In this story, Hanukkah is a celebration of the fact that there are times in which darkness happens, and yet it is followed by times of increased light. Human beings lighting candles during the darkest nights is perhaps part of a divine-human covenant: when God’s world (tragically?) provides more darkness, we human beings promise to step up and provide more light. Mortality is not a “fall of man”, it is “the way of the world”, and it requires a certain response from us – lighting candles. I was reminded of this story last week when the father of an alumnus told me how he left in the middle of a pivotal conference attended by the President, in order to sit at the deathbed of his best friend. The suffering of death is unfortunately the way of the world. The candles we light through our own acts of compassion are what will help us get through the darkness and the cold, until spring arrives again.
Hanukkah Sameach and have a warm winter,
Tuesday, December 27, 2011
Driving down the streets of Manhattan after Shabbat, I was struck by the sight of hundreds of Protestants walking towards the Cathedral for Midnight Mass. I returned home to discover Catholics had lined the sidewalks outside my house waiting to enter a local church. There’s something very moving about seeing people go to shul.
With Chanukah candles in some windows, and Christmas trees in others, December in America lends itself to mushy ecumenical statements of “hey, we’re not so different after all”. I believe the differences between religions and identities are critical, but pointing out the shared moments is just as important.
This week, as the pope bemoaned the fact that “the superficial glitter” hides the real meaning of the religion and its values, I too was nodding: "Today Christmas has become a commercial celebration, whose bright lights hide the mystery of God's humility, which in turn calls us to humility and simplicity." The Pope was calling it the way it is: out of the legitimate desire to turn Christmas into a less religious day and more of a “one size fits all” December holiday, the deeper meanings of the day are often lost. It’s good to have a day to celebrate family, and exchanging gifts is a great way to strengthen relationships. I also find value in families of diverse religious backgrounds finding creative ways to showcase their complex identities in their homes. But rituals and holidays have deeper meanings and statements that can easily be lost if there is nothing but glitter and gift wrapping, and it is up to us to infuse our rituals with the deeper meaning, values and narratives we wish to give as a gift to ourselves this year.
The Masculine Dilemmas of the Partnership Minyan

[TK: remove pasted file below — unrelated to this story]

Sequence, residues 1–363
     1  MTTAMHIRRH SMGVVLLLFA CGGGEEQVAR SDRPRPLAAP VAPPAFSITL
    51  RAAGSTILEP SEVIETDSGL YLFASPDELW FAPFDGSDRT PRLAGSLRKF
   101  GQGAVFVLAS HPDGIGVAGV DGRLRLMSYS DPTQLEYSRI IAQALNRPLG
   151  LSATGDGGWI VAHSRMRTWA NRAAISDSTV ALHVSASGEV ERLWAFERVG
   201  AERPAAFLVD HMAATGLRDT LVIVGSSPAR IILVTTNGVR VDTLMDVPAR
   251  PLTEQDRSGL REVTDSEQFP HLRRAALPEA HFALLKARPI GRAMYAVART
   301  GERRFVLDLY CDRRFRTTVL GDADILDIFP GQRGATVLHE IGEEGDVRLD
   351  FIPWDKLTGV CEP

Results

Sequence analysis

Published in the Forward, 30 December 2011, this is my review of:
The Men’s Section: Orthodox Jewish Men in an Egalitarian World
By Elana Maryles Sztokman
By Elana Maryles Sztokman
Read more: http://www.forward.com/articles/148302
A few years ago, a friend announced that he intended to start a “Kiddush club” at our synagogue. “Our shul needs more of a social scene,” he declared, “and some high-quality single malt whisky!” he added jokingly. I was vehemently opposed. Our synagogue is a “partnership minyan,” which seeks to maximize women’s participation in the prayer service within the bounds of Halacha and the Orthodox community. A Kiddush club smacked to me of a classic patriarchal construction, a complete contradiction of our attempt at re-aligning the gender dynamic of Orthodox synagogue life.
I was thinking of this exchange as I was reading Elana Sztokman’s new book, “The Men’s Section: Orthodox Jewish Men in an Egalitarian World,” an ethnography of men in partnership minyanim. Sztokman asks a fascinating question: What do the men get from it?
As Sztokman describes at the beginning of the book, the partnership minyan phenomenon started in 2001 with two small minyanim in Jerusalem (Shira Chadasha) and New York (Darkhei Noam). Those two are now regularly attended by hundreds every Shabbat and have prompted 25 other such minyanim in places as far flung as Melbourne and Beersheva and as traditional as Skokie, Ill., and Englewood, N.J. At these minyanim, women and men share equally in Torah reading and speaking before the community, and women lead some parts of the service — but men and women are separated by a mechitzah, the barrier between the genders that is the hallmark of an Orthodox synagogue. While still considered anomalous in the eyes of most of the Orthodox community, partnership minyanim are no longer beyond the pale.
Read the rest of the review at: http://www.forward.com/articles/148302